􀀂􀀟􀀍􀀆 􀀂􀀖􀀌􀀆 Shell startup precomputation

A month ago, Thorsten Ball wrote How fast is your shell?, encouraging users to profile their shells to make sure they start up quickly. His results are about 70ms - better than mine, but I still think mine are OK.

> /usr/bin/time zsh -i -c exit
        0.18 real         0.05 user         0.04 sys


  • Thorsten is using zsh’s time builtin, which shows real elapsed time on the right; I’m using the POSIX command, which shows real elapsed time on the left.
  • Oddly, zsh’s time is not documented with its builtins.
  • I first ran the test in a loop like i=1; while [ $i -le 5 ]; do /usr/bin/time zsh -i -c exit; i=$((i + 1)); done;, but the first iteration always took over ~170ms, while subsequent ones took 60ms. I take from this that 60ms is execution time and 140ms is executable and/or config file loading time.

A couple of days later, Laurence Tratt wrote Faster Shell Startup With Shell Switching, which suggests using different shells for scripts and interactive use. (A real callback to arguments1 about the C shell2 on Usenet!)

This post is about my suggestion for improving shell startup time: precomputation.

I have a script called dhd-shdetect that detects a bunch of stuff I want to account for in my shell that rarely changes, caching it in the file $HOME/.shdetect_dhd.sh. Anything that it can precompute is code that doesn’t have to run at every shell startup. Then, as much as possible, .zshrc and .profile files use the precomputed values rather than running code themselves. I’m not fanatic about this; if the best thing to do is run code at shell startup, then I do.

A few examples:

  1. I have a script called pathsetup which takes a list of paths that may exist, and returns all those in the list that actually do exist. It takes a while to check all these paths, so dhd-shdetect caches the result.

    # Stuff that we want to use, only if it exists on the filesystem
    ... dozens more entries
    # Stuff we want to ignore even if it does exist
    export PATH=$("$DHD/opt/bin/pathsetup" "$POSSIBLE_PATHS" "$IGNORE_PATHS")

    This is saved directly to the $HOME/.shdetect_dhd.sh file, which is dot-sourced in the .profile script.

  2. Detecting the ls(1) implementation in dhd-shdetect requires actually running the binary:

    if ls --version 2>/dev/null | grep -q GNU; then
    elif ls -h -G >/dev/null 2>&1; then

    This means that in .zshrc, we only have to read the cached value:

    case "$DHD_LS_TYPE" in
        gnu) alias ls="ls -FhN --color=always";;
        bsd) alias ls="ls -FhG";;
        *) alias ls="ls -F";;
  3. dhd-shdetect looks for specific commands that the profile scripts use if they are available. It saves them to a variable called $DHD_CMDAVAIL, and provides a function for fast lookups into that variable, avoiding the need to scan $PATH during shell startup.

    In dhd-shdetect:

    # Available commands
    # Can test for them with
    #    test "${DHD_CMDAVAIL#*cmd_name}" != "$DHD_CMDAVAIL"
    cmdavail fortune && DHD_CMDAVAIL="$DHD_CMDAVAIL fortune"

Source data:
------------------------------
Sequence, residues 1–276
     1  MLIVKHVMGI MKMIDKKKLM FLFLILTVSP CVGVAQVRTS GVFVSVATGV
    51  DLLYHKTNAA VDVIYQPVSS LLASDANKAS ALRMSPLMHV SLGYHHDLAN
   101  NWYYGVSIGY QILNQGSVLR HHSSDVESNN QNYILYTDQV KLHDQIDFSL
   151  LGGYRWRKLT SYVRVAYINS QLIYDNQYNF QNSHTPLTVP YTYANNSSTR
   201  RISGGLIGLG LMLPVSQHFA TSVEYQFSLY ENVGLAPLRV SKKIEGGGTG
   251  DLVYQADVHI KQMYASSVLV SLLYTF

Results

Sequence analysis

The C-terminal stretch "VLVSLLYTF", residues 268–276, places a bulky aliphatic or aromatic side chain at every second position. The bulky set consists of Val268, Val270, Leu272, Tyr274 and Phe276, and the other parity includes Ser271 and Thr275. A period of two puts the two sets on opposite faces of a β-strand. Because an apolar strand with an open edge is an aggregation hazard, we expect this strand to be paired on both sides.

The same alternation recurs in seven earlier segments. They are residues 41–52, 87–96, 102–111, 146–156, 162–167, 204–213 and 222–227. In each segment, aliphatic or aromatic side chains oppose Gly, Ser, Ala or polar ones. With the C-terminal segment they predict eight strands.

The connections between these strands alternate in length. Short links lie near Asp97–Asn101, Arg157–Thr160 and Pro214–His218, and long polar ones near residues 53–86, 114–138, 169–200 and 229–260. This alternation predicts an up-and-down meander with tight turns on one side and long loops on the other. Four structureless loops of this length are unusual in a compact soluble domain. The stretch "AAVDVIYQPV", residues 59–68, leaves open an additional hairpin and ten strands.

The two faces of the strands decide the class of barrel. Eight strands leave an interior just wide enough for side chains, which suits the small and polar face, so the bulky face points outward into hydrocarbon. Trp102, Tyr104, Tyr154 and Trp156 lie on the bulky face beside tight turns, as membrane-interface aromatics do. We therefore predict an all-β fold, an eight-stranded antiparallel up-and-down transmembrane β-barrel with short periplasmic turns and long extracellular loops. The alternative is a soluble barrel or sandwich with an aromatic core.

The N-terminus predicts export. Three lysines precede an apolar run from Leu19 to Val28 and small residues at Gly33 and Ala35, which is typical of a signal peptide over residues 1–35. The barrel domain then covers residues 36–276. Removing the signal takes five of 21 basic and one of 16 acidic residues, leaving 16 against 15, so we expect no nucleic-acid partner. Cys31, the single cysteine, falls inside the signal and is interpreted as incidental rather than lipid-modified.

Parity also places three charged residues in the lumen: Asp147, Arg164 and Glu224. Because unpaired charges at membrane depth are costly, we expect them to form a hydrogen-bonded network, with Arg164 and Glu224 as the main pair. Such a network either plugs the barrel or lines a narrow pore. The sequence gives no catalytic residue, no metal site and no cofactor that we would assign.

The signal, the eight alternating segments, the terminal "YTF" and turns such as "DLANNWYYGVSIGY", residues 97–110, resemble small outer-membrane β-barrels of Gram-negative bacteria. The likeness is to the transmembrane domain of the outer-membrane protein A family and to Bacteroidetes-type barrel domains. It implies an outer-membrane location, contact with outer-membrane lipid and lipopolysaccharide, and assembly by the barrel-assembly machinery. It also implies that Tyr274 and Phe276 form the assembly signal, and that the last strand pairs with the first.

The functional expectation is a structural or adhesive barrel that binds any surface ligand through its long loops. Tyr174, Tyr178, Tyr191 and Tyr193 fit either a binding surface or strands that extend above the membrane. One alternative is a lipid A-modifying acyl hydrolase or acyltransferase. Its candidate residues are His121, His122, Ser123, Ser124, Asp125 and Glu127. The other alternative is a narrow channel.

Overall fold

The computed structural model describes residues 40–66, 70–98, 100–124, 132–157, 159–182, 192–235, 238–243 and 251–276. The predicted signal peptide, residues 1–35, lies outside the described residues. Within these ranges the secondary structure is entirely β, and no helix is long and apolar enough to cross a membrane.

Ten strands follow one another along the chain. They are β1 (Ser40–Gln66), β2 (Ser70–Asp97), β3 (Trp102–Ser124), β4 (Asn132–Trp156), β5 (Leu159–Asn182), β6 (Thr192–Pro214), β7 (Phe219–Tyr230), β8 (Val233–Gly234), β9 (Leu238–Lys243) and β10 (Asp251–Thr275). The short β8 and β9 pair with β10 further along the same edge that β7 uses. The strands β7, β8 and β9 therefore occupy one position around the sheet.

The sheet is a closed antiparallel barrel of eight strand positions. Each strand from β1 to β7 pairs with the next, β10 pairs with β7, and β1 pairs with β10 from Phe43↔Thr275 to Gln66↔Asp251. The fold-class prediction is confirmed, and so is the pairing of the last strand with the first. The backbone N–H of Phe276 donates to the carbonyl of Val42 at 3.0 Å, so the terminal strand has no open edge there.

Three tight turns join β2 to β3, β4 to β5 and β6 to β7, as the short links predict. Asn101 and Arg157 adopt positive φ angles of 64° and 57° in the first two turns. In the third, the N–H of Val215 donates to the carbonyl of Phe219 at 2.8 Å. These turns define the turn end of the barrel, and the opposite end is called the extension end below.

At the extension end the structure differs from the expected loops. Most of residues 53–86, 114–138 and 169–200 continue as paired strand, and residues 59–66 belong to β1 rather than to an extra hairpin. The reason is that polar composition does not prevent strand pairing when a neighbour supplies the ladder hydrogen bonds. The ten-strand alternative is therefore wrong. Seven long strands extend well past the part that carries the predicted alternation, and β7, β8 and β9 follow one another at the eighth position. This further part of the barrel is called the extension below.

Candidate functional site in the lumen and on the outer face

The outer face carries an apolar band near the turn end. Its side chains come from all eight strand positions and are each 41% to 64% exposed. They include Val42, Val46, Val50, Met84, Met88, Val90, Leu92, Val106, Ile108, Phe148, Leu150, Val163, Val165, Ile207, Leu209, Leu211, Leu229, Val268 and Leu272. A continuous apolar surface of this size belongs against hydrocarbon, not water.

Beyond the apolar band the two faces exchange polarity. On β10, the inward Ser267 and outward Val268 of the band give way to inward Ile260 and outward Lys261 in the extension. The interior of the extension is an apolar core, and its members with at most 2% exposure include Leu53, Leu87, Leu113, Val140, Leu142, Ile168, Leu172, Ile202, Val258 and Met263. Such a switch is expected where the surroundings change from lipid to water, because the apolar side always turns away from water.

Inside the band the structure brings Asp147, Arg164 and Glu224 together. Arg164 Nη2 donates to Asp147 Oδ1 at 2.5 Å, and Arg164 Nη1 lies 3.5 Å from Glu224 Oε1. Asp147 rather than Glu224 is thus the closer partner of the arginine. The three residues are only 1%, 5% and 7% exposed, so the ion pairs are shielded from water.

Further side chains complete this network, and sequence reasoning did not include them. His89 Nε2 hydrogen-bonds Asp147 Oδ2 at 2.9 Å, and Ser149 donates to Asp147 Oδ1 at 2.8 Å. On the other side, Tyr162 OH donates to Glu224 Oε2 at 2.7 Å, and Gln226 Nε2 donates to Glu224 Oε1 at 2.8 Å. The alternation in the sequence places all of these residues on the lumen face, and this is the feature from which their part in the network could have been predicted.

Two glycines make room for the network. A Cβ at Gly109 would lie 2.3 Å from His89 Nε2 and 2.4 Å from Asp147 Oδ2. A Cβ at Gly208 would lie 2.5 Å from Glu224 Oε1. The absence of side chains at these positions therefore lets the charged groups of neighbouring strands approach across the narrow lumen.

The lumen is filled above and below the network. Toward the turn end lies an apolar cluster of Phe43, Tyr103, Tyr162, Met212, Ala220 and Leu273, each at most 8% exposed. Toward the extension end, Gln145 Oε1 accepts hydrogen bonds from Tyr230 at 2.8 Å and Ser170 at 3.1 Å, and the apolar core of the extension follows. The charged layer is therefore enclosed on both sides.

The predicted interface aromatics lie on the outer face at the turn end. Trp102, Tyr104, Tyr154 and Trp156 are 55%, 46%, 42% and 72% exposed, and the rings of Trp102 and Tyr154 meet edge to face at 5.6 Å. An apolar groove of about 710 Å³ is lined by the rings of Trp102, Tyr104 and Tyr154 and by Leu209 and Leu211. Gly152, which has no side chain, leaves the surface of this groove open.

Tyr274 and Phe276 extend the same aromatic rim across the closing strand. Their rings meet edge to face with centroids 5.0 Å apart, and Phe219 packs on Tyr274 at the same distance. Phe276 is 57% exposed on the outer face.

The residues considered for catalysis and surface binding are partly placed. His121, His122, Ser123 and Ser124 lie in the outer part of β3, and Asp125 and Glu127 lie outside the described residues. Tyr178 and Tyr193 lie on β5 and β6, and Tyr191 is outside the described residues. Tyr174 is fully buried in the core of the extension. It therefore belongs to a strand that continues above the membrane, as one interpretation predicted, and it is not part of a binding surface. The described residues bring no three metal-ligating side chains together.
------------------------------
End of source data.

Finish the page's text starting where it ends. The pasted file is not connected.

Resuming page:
cmdavail kubectl && DHD_CMDAVAIL="$DHD_CMDAVAIL kubectl"
    # ... several more

    The result saved to $HOME/.shdetect_dhd.sh:

    # ...
    # Very fast way to test precomputed command availability
    dhd_cmdavail() {
        test "\${DHD_CMDAVAIL#*\$1}" != "\$DHD_CMDAVAIL"
        return \$?

    Called in .zshrc:

    dhd_cmdavail kubectl && source <(kubectl completion zsh)

I can run as many programs as I want to influence my shell configuration, but I don’t have to pay the time cost every time my shell starts up. It’s a significant time savings, as running dhd-shdetect takes over a second:

> /usr/bin/time dhd-shdetect
Generated data saved to /Users/mrled/.shdetect_dhd.sh
Now log in again, or run the '.z' alias
        1.03 real         0.43 user         0.32 sys

That’s time I don’t have to spend waiting for new terminals ✨.

  1. The bad-boy of UNIX:

    This month begins a tutorial on the bad-boy of UNIX, lowest of the low, the shell of last resort. Yes, I am talking about the C shell. FAQ’s flame it. Experts have criticized it. Unfortunately, this puts UNIX novices in an awkward situation. Many people are given the C shell as their default shell. They aren’t familiar with it, but they have to learn enough to customize their environment. They need help, but get criticized every time they ask a question. Imagine the following conversation, initiated by a posting on USENET:

    Novice: How do I do XYZ using the C shell?

    Expert: You shouldn’t use the C shell. Use the Bourne shell.

    Novice: I try to, but I get syntax errors.

    Expert: That’s because you are using the C shell. Use the Bourne shell.

    Novice: I’ve now using the Bourne shell. How to I create aliases and do command-line editing in the Bourne shell?

    Expert: You can’t. use bash, ksh or tcsh.

    Novice: I don’t have these shells on all of the systems I use. What can I use?

    Expert: In that case, use the C shell.

    Novice: But you told me I shouldn’t use the C shell!?!

    Expert: Well, if you have to, you can use the C shell. It’s fine for interactive sessions. But you shouldn’t use it for scripts.

    Novice: It’s really confusing trying to learn two shells at once. I don’t know either shell very well, and I’m trying to learn JUST enough to customize my environment. I’d rather just learn one shell at a time.

    Expert: Well, it’s your funeral.

    Novice: How do I do XYZ using the C shell?

    Another Expert: You shouldn’t be using the C shell. Use the Bourne shell.

    Novice: @#%&!

  2. Csh Programming Considered Harmful:

    Resolved: The csh is a tool utterly inadequate for programming,
          and its use for such purposes should be strictly banned!


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